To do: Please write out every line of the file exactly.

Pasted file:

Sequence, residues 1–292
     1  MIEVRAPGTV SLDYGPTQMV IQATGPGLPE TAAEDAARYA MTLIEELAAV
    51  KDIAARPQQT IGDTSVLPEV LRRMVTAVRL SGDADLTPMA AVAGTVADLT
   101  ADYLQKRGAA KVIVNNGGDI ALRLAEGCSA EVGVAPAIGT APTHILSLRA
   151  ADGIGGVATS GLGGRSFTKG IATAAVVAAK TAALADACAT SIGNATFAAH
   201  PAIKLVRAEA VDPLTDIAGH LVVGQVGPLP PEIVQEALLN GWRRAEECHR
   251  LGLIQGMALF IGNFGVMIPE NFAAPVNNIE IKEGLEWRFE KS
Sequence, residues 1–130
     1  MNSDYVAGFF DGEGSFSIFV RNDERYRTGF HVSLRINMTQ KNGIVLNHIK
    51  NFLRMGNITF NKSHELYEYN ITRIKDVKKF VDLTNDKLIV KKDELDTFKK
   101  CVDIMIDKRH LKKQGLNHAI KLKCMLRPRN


Sequence, residues 1–292
     1  MIEVRAPGTV SLDYGPTQMV IQATGPGLPE TAAEDAARYA MTLIEELAAV
    51  KDIAARPQQT IGDTSVLPEV LRRMVTAVRL SGDADLTPMA AVAGTVADLT
   101  ADYLQKRGAA KVIVNNGGDI ALRLAEGCSA EVGVAPAIGT APTHILSLRA
   151  ADGIGGVATS GLGGRSFTKG IATAAVVAAK TAALADACAT SIGNATFAAH
   201  PAIKLVRAEA VDPLTDIAGH LVVGQVGPLP PEIVQEALLN GWRRAEECHR
   251  LGLIQGMALF IGNFGVMIPE NFAAPVNNIE IKEGLEWRFE KS
Sequence, residues 1–130
     1  MNSDYVAGFF DGEGSFSIFV RNDERYRTGF HVSLRINMTQ KNGIVLNHIK
    51  NFLRMGNITF NKSHELYEYN ITRIKDVKKF VDLTNDKLIV KKDELDTFKK
   101  CVDIMIDKRH LKKQGLNHAI KLKCMLRPRN